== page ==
Normal-Weight Central Obesity May Up Mortality in CAD Patients

Deborah Brauser

February 11, 2016

PHILADELPHIA, PA — Having a normal body-mass index (BMI) but a high waist circumference (WC) or high waist/hip ratio (WHR), representing "normal-weight central obesity," can increase risk of mortality in patients with coronary artery disease, according to new research[1].

The analysis of more than 7000 CAD patients from five cohort studies showed that those with a normal BMI and high WHR or high WC had significantly higher mortality risk vs those with lower WHR or WC (both comparisons, P<0.001).

In the overall population, having a high WHR alone was associated with twice the mortality risk as a low WHR. High WHR was also associated with increased mortality in the women-only and men-only subgroups (all comparisons, P<0.001). However, having a high WC was significantly associated with a higher mortality risk only in the men (P=0.02).

"When combined with BMI, WC in men and WHR in women may provide additional prognostic value" when it comes to mortality risk, lead author Dr Saurabh Sharma (Einstein Medical Center, Philadelphia, PA) and colleagues write.

"We suggest that among independent anthropometric measures of obesity, an elevated WHR as compared with WC or BMI provides an improved risk stratification of older adults," they add.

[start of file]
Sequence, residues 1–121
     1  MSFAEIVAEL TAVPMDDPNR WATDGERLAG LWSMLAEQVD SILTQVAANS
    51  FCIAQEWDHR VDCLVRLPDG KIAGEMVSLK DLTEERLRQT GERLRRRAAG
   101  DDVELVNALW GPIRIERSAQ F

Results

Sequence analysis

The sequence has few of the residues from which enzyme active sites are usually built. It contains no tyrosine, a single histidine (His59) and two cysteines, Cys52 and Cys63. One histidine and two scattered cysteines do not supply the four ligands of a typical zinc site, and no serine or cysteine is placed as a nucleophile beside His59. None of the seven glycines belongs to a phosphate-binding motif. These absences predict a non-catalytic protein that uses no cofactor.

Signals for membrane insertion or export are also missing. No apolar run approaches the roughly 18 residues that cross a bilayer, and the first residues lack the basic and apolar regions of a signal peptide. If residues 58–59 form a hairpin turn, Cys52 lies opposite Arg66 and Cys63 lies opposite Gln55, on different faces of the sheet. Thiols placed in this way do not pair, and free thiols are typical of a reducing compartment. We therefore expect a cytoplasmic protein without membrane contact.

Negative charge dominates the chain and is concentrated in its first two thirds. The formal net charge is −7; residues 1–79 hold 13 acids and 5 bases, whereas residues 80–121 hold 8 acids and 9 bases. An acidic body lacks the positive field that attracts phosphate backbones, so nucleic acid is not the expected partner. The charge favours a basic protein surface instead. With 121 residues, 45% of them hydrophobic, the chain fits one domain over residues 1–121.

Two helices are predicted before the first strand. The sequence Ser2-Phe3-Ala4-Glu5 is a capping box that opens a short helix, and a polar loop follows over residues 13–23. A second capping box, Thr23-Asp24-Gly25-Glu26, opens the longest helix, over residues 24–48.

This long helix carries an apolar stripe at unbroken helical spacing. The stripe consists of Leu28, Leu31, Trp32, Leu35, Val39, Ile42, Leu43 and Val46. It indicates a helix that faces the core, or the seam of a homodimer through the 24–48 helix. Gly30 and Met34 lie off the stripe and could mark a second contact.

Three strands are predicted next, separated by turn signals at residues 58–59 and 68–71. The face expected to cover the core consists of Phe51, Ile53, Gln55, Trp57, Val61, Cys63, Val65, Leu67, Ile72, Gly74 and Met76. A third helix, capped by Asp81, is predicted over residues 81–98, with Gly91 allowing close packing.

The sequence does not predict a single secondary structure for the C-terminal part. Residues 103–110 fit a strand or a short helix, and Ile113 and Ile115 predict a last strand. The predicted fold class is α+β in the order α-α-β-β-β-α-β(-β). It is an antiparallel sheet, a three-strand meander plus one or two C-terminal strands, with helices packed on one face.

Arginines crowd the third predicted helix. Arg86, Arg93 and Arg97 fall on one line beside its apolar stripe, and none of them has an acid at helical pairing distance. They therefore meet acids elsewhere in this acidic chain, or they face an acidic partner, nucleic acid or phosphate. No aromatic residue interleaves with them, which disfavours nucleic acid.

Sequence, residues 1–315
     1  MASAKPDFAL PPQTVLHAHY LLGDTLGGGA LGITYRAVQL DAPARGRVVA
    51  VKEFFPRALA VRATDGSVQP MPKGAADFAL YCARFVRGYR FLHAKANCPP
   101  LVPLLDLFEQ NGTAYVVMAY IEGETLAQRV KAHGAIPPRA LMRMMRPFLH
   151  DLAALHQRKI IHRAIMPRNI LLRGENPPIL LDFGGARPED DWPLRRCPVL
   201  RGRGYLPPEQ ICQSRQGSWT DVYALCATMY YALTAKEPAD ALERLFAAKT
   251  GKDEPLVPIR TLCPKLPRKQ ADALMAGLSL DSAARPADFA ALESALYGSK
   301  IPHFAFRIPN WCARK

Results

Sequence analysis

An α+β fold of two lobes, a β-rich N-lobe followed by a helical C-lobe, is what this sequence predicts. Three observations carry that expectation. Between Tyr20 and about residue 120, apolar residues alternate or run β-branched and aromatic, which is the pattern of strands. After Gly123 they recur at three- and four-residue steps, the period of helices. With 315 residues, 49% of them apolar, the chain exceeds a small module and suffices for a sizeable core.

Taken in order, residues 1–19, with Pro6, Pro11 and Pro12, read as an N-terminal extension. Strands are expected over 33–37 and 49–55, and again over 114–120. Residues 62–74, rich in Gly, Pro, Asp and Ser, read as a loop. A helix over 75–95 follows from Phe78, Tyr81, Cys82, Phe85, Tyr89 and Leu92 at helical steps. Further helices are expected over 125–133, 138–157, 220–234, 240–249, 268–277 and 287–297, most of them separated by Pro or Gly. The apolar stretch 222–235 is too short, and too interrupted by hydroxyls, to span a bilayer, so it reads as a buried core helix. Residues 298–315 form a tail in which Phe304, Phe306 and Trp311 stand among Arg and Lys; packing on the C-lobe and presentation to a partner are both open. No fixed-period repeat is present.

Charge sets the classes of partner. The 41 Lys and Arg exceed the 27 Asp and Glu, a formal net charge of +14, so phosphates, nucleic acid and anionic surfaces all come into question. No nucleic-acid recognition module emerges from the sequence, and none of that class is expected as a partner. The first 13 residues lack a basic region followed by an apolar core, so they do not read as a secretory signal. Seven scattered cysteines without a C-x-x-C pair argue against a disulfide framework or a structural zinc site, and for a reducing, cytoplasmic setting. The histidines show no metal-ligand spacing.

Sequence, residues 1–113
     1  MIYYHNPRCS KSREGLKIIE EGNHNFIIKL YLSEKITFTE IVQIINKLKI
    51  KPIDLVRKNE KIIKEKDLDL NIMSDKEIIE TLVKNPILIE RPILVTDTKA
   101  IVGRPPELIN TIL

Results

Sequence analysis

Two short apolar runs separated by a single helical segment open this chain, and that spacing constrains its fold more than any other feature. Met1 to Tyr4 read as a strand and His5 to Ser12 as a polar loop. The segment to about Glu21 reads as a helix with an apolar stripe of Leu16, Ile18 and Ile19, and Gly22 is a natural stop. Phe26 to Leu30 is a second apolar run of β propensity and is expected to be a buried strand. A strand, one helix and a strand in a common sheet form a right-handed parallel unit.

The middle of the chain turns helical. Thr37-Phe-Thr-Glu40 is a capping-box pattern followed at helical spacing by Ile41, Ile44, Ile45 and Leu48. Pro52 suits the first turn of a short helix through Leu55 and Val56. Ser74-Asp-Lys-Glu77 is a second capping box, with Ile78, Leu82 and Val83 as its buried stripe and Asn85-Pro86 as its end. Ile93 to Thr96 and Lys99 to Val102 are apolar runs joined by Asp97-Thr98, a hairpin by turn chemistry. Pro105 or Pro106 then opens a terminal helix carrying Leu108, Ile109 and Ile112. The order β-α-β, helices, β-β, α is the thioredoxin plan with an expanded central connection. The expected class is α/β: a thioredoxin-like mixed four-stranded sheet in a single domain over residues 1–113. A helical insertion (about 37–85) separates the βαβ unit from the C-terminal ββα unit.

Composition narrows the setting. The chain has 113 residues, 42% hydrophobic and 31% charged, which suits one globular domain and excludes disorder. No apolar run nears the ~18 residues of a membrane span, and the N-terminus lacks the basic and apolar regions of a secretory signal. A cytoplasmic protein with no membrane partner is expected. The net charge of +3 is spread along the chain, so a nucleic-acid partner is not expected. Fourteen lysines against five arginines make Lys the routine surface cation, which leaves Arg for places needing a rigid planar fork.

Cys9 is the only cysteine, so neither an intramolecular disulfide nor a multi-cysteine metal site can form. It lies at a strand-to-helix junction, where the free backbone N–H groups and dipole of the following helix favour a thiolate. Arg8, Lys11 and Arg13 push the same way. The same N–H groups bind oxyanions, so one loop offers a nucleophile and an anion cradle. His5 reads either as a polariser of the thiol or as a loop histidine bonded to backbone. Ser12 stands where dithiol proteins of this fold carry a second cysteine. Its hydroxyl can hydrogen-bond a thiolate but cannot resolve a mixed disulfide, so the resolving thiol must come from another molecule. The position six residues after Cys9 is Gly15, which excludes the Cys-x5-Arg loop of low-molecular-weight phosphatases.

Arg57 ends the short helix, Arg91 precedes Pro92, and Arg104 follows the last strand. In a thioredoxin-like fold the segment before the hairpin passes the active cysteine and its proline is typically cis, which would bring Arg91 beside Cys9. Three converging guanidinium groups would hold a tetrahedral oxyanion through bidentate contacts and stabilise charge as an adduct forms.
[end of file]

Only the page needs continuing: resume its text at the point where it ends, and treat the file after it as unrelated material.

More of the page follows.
The findings were published online February 6, 2016 in Mayo Clinic Proceedings.

At Higher Risk

The investigators examined data from five cohort studies conducted in Minnesota and California in the US; Copenhagen, Denmark; Dijon, France; and Daegu, Korea, from January 1980 through December 2008.

For this analysis, they included 7057 patients with CAD who were at least 65 years of age (mean age 73 years; 53% women) and who had WC and WHR measured.

Normal BMI was defined as 18.5 to 24.9 kg/m2; high WC was above 102 cm for men and 88 cm for women; high WHR was above 0.9 for men and 0.85 for women. A total of 33.9% of the patients had normal-weight central obesity.

The risk for mortality was highest for the participants who had normal-range BMI and high WHR vs those with normal BMI and low WHR (hazard ratio [HR] 1.29, 95% CI 95% CI 1.14–1.46). The HR was 1.15 for those with overweight BMI and high WHR (95% CI 1.01-1.30).

The lowest mortality risk was for those with obese BMI and low WHR (HR 0.55); and even those with obese BMI and high WHR were not at significant risk.

Compared with the normal-BMI/low-WC group, those who had normal BMI/high WC had a hazard ratio for mortality of 1.29 (95% CI 1.12–1.50).

When looking specifically at high WHR only, this measure was a significant predictor of mortality in the overall population (HR 2.14, 95% CI 1.93–2.38), in men (HR 3.53, 95% CI 2.87–4.35), and in women (HR 1.65, 95% CI 1.45–1.88).

In addition, the HR for mortality was 1.12 in the men with a high WC (95% CI 1.01–1.24).

"Our results highlight the need to combine measures of total and central obesity in adiposity-related risk assessment in the elderly population," conclude the investigators.

Sharma reports no relevant financial relationships. Disclosures for the coauthors are listed in the article.

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